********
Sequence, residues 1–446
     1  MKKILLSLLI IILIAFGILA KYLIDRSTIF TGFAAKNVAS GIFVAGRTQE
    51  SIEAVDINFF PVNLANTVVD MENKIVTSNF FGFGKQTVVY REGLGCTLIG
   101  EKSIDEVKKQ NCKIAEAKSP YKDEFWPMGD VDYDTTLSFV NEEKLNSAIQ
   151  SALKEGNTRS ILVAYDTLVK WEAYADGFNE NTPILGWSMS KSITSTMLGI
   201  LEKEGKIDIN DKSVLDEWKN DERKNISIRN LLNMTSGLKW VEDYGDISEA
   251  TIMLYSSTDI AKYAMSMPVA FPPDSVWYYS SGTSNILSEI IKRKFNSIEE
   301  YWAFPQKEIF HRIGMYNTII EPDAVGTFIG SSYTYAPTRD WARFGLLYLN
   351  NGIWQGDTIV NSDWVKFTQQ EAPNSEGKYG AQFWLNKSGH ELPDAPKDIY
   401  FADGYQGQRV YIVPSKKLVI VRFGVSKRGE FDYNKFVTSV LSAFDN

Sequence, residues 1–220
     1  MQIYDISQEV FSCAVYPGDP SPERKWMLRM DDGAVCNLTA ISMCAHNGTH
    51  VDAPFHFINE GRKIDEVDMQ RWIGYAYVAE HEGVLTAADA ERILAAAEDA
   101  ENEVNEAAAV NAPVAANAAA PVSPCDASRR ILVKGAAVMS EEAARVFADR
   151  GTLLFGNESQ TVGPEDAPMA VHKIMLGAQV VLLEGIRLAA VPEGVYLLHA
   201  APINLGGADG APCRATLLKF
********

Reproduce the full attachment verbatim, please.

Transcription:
Sequence, residues 1–446
     1  MKKILLSLLI IILIAFGILA KYLIDRSTIF TGFAAKNVAS GIFVAGRTQE
    51  SIEAVDINFF PVNLANTVVD MENKIVTSNF FGFGKQTVVY REGLGCTLIG
   101  EKSIDEVKKQ NCKIAEAKSP YKDEFWPMGD VDYDTTLSFV NEEKLNSAIQ
   151  SALKEGNTRS ILVAYDTLVK WEAYADGFNE NTPILGWSMS KSITSTMLGI
   201  LEKEGKIDIN DKSVLDEWKN DERKNISIRN LLNMTSGLKW VEDYGDISEA
   251  TIMLYSSTDI AKYAMSMPVA FPPDSVWYYS SGTSNILSEI IKRKFNSIEE
   301  YWAFPQKEIF HRIGMYNTII EPDAVGTFIG SSYTYAPTRD WARFGLLYLN
   351  NGIWQGDTIV NSDWVKFTQQ EAPNSEGKYG AQFWLNKSGH ELPDAPKDIY
   401  FADGYQGQRV YIVPSKKLVI VRFGVSKRGE FDYNKFVTSV LSAFDN

Sequence, residues 1–220
     1  MQIYDISQEV FSCAVYPGDP SPERKWMLRM DDGAVCNLTA ISMCAHNGTH
    51  VDAPFHFINE GRKIDEVDMQ RWIGYAYVAE HEGVLTAADA ERILAAAEDA
   101  ENEVNEAAAV NAPVAANAAA PVSPCDASRR ILVKGAAVMS EEAARVFADR
   151  GTLLFGNESQ TVGPEDAPMA VHKIMLGAQV VLLEGIRLAA VPEGVYLLHA
   201  APINLGGADG APCRATLLKF